NA Exchange owner Ian Hall also believes the transition to an already well-appointed restaurant would ease its conversion to his vision.

“I think you can look at what Anoosh (Shariat) has done with (Anoosh) Bistro as a great example,” he said. “He took over Henry’s Place, and he’s had this seamless transition to his concept without changing much at all.”

Not everyone who called me wanted to talk on the record about this, but most everyone shared some of what they’d do if they got it.

The bar at St. Charles is a definite draw.
The bar at St. Charles is a definite draw.

One man and his business partner said they’d reopen it as St. Charles Exchange, but give it the attention only local owners can.

Two chefs I spoke with (both of whom need funding) say they’d not change the facility or possibly even the name, but they’d overhaul the menu.

One said he’d turn it into a 1920s-era steakhouse with serious tableside service.

“Caesar salad made at the table, flamed desserts, steak Diane — all that old cool stuff,” he said.

The other took the opposite tack, promising to make it more relaxed and affordable than St. Charles Exchange by redefining the menu as “Southern charm with innovative nuances.”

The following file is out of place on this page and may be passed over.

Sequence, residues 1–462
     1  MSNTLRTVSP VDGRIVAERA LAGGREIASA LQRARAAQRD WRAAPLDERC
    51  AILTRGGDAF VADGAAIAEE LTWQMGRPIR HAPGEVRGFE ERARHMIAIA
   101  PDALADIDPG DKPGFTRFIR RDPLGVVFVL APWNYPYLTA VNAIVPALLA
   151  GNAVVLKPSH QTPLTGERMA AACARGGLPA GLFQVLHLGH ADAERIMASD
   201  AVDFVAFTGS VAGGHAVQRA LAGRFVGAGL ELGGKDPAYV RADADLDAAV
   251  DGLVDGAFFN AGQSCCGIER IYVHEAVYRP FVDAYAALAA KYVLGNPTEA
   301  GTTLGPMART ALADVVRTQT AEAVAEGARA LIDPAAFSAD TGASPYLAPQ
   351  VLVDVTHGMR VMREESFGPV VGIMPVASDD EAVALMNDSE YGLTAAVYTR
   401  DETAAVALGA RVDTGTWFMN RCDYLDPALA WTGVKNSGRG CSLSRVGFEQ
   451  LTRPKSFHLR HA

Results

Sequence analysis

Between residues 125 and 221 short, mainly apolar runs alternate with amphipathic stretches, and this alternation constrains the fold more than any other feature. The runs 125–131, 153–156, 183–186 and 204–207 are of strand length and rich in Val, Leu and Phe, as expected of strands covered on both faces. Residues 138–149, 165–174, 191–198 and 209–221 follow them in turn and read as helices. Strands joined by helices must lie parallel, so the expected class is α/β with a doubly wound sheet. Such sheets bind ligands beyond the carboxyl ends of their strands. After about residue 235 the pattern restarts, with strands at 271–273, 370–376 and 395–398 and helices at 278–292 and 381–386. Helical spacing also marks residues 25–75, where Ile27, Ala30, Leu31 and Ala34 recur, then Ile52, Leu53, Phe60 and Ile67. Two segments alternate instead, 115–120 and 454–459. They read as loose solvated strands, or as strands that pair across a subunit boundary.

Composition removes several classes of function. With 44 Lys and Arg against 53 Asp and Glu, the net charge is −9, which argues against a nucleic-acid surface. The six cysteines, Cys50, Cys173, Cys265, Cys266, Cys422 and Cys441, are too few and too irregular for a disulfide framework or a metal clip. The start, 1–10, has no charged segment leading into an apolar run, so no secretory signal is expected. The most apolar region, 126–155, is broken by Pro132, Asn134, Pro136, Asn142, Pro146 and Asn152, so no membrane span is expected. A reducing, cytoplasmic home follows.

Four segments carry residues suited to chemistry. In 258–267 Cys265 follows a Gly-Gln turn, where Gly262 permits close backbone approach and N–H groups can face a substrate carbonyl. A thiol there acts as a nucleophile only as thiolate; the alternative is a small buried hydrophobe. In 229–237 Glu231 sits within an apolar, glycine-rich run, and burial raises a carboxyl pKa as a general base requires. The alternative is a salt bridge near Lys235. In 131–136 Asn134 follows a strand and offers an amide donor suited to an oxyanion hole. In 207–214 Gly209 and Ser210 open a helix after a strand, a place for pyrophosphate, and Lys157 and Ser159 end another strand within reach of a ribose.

“It would have something for everyone,” the chef began. “Steak, seafood, pork chop, country fried steak, even a breakfast item on the menu for dinner. It could be that eclectic, and everything would have its own little spin on it.”

Coulter said that if he were to get the spot, LouVino executive chef Tavis Rockwell already has a menu in mind.

Hall is even a bit further along than that.

“I think what we’d do food-wise would be an extension of what we do already at the Exchange,” said Hall, who admitted he probably won’t pursue St. Charles seriously since he’s opening a new restaurant, Brooklyn & The Butcher, late this fall. “I’d also push more craft beer than they did. St. Charles really lacked that.”

Coulter’s lone apprehension is rooted in the neighborhood. Choosing LouVino locations in the Highlands and Douglass Hills were “no brainers,” he said. He believes downtown to be trickier with locals since most workers flee the area at 5 p.m. or never come downtown at all.